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Edible oil Adulteration Testing


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Edible oil Adulteration Testing Inquiry

Edible oils not only have a big contribution in our diet as cooking oil, salad oil, and for food product formulation, but also are widely used in the manufacturing of cosmetic products and biodiesel fuel feedstock. Thus, edible oils have very high nutritional and economic values. However, adulteration of edible oil has emerged as a major issue worldwide due to their increasing market demand and the potential profit. It has, therefore, become essential to monitor the purity and quality of edible oils to reduce various risks.

Lifeasible has many years of experience in food testing. We provide a variety of testing methods for different types of edible oil adulterations, which include, but not limited to:

  • Admixing cold press oil with refined oil

Cold press oil is more expensive than refined oil because the refining processes generally produce trans fatty acids and steradienes, which can increase the risk of coronary heart disease. Therefore, some manufacturers tempt to admix cold press oil by refined oil; and trans fatty acids and/or steradienes can be used as markers to discriminate this type of oil adulterations.

  • High price oil adulterated with low price oil

The substitution of more expensive oil by cheaper oil is obviously profitable for producers, and is, therefore, a common type of oil adulteration. For instance, olive oil has low content of saturated fatty acid and polyunsaturated fats, and high content of the healthier monounsaturated fats, and is therefore widely accepted as healthy edible oil, which has been proved to lower the risk of heart diseases. Therefore, olive oil is frequently adulterated with other types of cheaper oils to increase profit.

Major components in edible oils and fats are triacylglycerols (TAG) composed of fatty acids and minor components are sterols, carotenoids, tocophe rols, chlorophylls, and other minor compounds. Some oils have particular components which are absent in other ones. Therefore, variations in fat compositions can be a detectable feature for oil adulterations. For example, ΔECN42 (indicates the difference between the theoretical and experimental equivalent carbon number 42 in TAG) can be used to detect olive oil adulterations by sunflower, soybean, cotton, corn, safflower, canola, and rapeseed oils. (E)-5-methylhept-2-en-4-one (filbertone) has been identified as the flavoring component of hazelnuts which is present in some level in hazelnut oil. Brassicasterol is a sterol which is almost exclusively present in canola oil. Sesamin or sesamolin are present exclusively in sesame oil. Δ7-stigmasterol and campesterol have been used to detect olive oil adulteration with sunflower and soybean oil. 4,4´-dimethyl-sterols could be used as markers to detect virgin olive oil adulteration with hazelnut oil.

  • Quality evaluation of edible oils

Peroxide value, acid value, saponification value, and iodine value are often used to determine the quality of edible oils and to ensure they are of correct grades. A high peroxide value indicates poor quality. The acid value reflects the amount of free fatty acids, and is used for detection of hydrolytic rancidity. Edible oils containing short-chain acids will have more carboxyl groups than long chain fatty acids per gram and will have higher saponification numbers. Iodine value reflects the degree of unsaturation of the edible oil tested. The iodine value increases as the degree of unsaturation increases.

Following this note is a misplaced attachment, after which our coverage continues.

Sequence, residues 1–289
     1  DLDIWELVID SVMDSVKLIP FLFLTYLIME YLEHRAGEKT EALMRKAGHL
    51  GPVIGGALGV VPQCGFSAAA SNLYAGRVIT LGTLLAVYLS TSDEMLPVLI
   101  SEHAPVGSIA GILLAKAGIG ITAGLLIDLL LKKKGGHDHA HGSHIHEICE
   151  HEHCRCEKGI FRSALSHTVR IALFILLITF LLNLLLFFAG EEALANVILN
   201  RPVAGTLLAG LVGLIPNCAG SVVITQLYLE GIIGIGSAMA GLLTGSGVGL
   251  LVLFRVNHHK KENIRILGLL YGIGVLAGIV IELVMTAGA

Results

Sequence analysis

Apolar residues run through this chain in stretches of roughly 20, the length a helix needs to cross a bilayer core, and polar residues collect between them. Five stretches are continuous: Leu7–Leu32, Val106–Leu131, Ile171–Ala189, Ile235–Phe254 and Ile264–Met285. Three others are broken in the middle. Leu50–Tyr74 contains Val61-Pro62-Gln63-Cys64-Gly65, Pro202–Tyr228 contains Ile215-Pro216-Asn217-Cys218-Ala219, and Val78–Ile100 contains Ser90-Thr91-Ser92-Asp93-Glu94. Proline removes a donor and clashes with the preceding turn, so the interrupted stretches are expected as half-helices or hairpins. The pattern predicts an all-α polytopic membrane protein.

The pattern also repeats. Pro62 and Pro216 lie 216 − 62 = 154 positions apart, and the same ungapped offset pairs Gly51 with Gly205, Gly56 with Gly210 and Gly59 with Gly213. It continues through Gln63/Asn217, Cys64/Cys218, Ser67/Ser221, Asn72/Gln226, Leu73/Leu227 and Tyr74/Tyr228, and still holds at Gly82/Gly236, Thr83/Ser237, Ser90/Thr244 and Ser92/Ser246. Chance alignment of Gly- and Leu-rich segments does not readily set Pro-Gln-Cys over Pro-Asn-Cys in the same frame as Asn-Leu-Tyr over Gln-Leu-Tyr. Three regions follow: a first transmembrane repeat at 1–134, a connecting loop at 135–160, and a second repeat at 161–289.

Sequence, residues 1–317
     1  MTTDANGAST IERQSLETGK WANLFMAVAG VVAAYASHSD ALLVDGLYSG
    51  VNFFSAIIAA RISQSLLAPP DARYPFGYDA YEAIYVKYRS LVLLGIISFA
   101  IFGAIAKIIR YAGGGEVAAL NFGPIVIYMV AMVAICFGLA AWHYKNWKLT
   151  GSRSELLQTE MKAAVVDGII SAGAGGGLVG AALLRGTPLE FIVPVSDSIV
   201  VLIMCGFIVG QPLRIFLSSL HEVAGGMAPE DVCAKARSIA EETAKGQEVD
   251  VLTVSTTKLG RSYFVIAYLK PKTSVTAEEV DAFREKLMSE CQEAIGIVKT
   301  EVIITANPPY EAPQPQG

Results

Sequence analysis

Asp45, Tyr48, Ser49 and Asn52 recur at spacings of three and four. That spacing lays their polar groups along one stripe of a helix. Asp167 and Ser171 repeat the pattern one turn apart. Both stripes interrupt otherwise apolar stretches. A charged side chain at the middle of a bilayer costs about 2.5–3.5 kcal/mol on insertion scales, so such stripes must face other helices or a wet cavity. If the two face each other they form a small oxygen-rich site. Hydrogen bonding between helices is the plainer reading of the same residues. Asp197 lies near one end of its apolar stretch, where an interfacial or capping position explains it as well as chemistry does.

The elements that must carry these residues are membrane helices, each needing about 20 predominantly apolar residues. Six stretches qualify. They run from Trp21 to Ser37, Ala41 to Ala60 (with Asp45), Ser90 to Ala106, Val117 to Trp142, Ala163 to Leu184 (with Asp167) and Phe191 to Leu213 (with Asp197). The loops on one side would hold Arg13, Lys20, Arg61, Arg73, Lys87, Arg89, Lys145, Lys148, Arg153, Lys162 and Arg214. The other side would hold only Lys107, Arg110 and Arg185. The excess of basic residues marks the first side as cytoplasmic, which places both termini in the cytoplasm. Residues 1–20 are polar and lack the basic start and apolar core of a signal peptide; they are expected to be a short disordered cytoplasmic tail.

• Detection of inedible used oils

Inedible used oils refer to swill oils collected from kitchen wastes, waste cooking oils recycled from gutters, residual oils stewed from animal fats, deep-frying oils, and other inedible oils. They are always polluted by patterns of chemical toxins and potential carcinogens, including heavy metal ions, peroxides, trans fatty acids, aflatoxin B1, and polycyclic aromatic hydrocarbons (PAHs), depending on their sources or origins. The pollutants can be used as markers to discriminate inedible used oils.

  • Edible oil adulterated with argemone oil

In a number of cases, adulteration of Argemone mexicana seed oil in edible oils has been reported to lead to epidemic dropsy, glaucoma, and loss of eyesight. Therefore, there is an urgent need for prevention of argemone oil adulteration for the health and safety of consumers. Two of the major toxic ingredients present in Argemone are sanguinarine and dihydrosanguinarine (alkaloids).

At Lifeasible, a full array of analytical methods are adopted to detect adulteration of edible oils including chromatography techniques (e.g., gas chromatography (GC), high-performance liquid chromatography (HPLC), supercritical fluid chromatography (SFC) in combination with evaporative light scattering detection (ELSD), thin layer chromatography (TLC), etc.), spectroscopy techniques (e.g., near infrared (NIR) spectroscopy, attenuated total reflectance (ATR)-Fourier transform infrared (FTIR) spectroscopy, Raman spectroscopy, inductively coupled plasma-optical emission spectroscopy (ICP-OES), and nuclear magnetic resonance (NMR) spectroscopy), mass spectrometry methods (e.g., electrospray ionization mass spectrometry (ESI-MS)), and so on. We can help you find the most tailored solutions for the detection of adulterations in edible oils. Our edible oil adulteration testing services are featured with high sensitivity and short turnaround times. Please feel free to contact us if you need any further information.

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